In this latest insight, Becky French from our Disputes, Investigations & Valuations team details the key questions to be asked at the outset to inform the approach when undertaking a company valuation and how to manage client expectations.

Valuation approach – how to manage client expectations

When undertaking a company valuation, there are a number of key questions we consider at the outset to inform the approach taken.  

Broadly, these include:

  • What industry does the company operate in?
  • Is the business trading? Profitable? Does it prepare forecasts?
  • Have there been any changes or exceptional activity?
  • How large is the business? Is it reliant in any way?

Asking the same questions of your client at the outset and understanding the impact of their answers on valuation approach can help you to manage your client’s expectations of value.


The nature of a company’s trade and the availability of financial information will inform the method of valuation. Investment companies or loss making trading companies may be best valued on an asset basis, whereas profitable trading companies should be valued by reference to their earnings where this outweighs an asset based approach. 


The purpose of considering past results of a company is to generate an expectation of future trade on which to base a valuation. Therefore, it is vital to understand whether the nature of a business has changed and identify any exceptional performance which would indicate past results are not representative of future performance. In this event, it may be necessary to make adjustments to prior performance to offset one off fluctuations or to set aside periods of trade entirely.

Whilst discussions with the client are key to understanding a business (see also The importance of context on this subject), we also review its detailed trading results and recent history to assess whether income and expenditure (both fixed and variable costs) are in accordance with the overall trajectory – be that stability, growth or decline. Any changes in income or expenditure which do not align with expected trends for the business may indicate exceptional performance or changes in the business.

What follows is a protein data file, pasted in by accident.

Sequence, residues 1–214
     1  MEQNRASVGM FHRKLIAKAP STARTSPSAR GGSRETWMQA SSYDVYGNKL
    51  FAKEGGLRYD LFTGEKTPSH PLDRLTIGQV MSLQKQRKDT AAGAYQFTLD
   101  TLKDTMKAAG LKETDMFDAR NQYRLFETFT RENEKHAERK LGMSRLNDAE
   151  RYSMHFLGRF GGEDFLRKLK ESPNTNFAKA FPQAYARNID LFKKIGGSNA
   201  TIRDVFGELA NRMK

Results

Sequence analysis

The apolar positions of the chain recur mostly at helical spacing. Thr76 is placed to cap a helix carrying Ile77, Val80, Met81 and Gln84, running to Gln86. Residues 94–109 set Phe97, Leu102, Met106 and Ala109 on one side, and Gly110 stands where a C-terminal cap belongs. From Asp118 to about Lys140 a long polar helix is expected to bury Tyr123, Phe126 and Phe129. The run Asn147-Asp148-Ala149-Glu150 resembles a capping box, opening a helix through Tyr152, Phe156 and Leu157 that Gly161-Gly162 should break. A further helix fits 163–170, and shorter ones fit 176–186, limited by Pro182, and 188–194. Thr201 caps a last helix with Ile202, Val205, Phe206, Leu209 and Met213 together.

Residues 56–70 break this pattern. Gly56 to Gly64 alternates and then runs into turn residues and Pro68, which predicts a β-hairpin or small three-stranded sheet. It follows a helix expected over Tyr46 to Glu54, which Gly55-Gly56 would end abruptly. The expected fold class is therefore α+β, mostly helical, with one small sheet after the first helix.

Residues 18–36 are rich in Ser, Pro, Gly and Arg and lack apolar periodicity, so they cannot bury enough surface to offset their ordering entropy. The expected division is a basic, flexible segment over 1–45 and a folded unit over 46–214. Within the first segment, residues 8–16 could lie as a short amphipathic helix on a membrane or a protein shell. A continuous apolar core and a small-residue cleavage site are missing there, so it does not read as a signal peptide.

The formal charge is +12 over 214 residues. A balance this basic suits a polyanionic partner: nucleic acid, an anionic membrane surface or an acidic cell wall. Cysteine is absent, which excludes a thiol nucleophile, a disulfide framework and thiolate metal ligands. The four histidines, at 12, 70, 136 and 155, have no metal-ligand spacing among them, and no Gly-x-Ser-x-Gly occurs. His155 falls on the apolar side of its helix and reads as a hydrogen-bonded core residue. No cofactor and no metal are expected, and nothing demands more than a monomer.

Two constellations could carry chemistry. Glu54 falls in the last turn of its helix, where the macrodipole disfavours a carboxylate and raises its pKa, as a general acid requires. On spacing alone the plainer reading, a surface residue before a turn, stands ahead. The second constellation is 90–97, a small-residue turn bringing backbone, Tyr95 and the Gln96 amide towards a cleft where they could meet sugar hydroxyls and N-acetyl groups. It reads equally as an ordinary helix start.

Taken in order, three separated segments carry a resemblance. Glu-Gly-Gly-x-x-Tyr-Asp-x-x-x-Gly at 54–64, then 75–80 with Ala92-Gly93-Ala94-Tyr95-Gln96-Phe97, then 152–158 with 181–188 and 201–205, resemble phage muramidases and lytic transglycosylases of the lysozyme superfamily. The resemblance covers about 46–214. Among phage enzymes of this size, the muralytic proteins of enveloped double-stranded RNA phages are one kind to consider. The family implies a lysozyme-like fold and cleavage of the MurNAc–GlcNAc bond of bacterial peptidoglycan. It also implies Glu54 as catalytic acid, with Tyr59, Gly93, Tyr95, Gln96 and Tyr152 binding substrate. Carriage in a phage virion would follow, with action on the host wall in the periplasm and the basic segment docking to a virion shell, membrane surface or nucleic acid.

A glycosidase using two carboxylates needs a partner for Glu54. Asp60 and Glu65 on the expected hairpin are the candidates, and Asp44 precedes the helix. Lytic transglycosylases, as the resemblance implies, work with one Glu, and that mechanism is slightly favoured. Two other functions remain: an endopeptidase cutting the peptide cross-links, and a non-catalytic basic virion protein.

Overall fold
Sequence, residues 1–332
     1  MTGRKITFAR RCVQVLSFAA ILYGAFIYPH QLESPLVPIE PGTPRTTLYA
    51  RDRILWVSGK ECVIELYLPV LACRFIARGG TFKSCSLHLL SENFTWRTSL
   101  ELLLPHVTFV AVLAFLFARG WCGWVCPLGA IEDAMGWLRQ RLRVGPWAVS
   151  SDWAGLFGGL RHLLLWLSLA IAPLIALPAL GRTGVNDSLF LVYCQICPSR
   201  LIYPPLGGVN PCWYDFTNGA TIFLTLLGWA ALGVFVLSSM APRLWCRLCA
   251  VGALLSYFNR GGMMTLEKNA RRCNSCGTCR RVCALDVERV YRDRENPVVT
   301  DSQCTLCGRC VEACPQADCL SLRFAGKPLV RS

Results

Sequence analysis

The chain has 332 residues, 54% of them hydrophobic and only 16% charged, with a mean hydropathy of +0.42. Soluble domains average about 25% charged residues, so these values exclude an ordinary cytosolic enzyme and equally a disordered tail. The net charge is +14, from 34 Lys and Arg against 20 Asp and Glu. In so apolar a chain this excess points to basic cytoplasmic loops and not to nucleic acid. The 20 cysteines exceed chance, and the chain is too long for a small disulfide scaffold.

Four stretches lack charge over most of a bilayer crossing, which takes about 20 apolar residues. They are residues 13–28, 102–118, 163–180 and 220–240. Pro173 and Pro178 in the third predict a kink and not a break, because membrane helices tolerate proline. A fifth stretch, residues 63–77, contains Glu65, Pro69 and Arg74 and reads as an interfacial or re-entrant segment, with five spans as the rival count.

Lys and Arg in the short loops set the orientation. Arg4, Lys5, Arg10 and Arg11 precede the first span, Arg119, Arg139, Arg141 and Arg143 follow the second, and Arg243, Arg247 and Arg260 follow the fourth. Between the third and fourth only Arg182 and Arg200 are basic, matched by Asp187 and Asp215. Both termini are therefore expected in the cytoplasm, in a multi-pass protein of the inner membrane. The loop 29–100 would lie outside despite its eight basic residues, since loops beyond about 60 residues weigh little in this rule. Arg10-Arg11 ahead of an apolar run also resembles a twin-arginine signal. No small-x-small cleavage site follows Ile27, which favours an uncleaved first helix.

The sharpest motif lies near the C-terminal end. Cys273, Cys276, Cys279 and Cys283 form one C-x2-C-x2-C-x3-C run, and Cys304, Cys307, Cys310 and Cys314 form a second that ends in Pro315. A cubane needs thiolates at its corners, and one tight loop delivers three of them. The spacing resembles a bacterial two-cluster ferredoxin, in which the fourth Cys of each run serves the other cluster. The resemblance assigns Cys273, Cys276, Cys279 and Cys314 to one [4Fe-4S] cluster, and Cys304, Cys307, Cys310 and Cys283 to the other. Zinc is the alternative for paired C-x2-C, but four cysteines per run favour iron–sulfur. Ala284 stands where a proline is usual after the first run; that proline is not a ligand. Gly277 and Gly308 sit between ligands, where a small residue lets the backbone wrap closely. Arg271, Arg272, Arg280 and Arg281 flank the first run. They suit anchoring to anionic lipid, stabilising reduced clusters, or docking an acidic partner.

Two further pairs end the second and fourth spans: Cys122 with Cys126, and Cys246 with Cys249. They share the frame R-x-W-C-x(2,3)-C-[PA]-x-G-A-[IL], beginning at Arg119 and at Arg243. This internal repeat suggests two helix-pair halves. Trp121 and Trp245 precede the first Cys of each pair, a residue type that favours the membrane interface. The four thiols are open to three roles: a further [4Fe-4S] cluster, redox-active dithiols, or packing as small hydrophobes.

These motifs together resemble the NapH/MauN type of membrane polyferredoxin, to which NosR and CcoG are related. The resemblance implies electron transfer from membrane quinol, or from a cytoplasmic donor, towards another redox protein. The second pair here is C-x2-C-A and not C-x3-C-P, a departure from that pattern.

COVID-19 is likely to have represented a period of exceptional trade for many businesses requiring valuation. A valuer’s approach to this period will depend on the trade of the business preceding and proceeding the exceptional trade. In the event that a business can demonstrate a subsequent return to normal trade, it may be appropriate to set aside this period entirely for valuation purposes.

Other changes we have seen in recent valuations include:
•    the closure or acquisition of a subsidiary
•    a fundamental pivot in business activities such as a change in the products or services being offered 
•    director illness impacting trade 
•    changes in regulations impacting the wider market.  

The impact of each of the above on the valuation approach adopted depended on the degree to which the company’s trade was affected and the extent to which it was possible to accurately adjust past results to reflect the changes.


The size of a company and the extent of any reliance on either staff or customers will have an impact on valuation approach. At the extreme, an owner-managed business with no additional staff which relies on the specific expertise of its owner may have no value over and above that of its assets. The reason being that sales are generated as a result of the particular expertise / reputation of a specific individual. Whilst the matter will ultimately turn on the specifics of the situation, a business such as this can be best thought of as an income generating vehicle for the individual in question.  

Other examples of reliance may not be immediately obvious. We have seen companies with healthy income and profits but which are reliant on a large proportion of sales from a small number of blue chip clients. Any evidence of a declining relationship or the potential for a loss of business from just one customer could have a major impact upon the ability of the company to turn a profit. In this case, a client can expect to see the associated risk reflected in a reduction in value.  

Having an expectation of how a business may be valued can be key to managing client expectations from the outset. We are more than happy to provide training sessions to solicitors on how to understand company accounts and what to look out for from the context of valuation.

This article addresses approach to valuing a company. For information regarding the impact of share rights and restrictions on the value of an individual’s interest, see Share valuation: when all is not as it seems.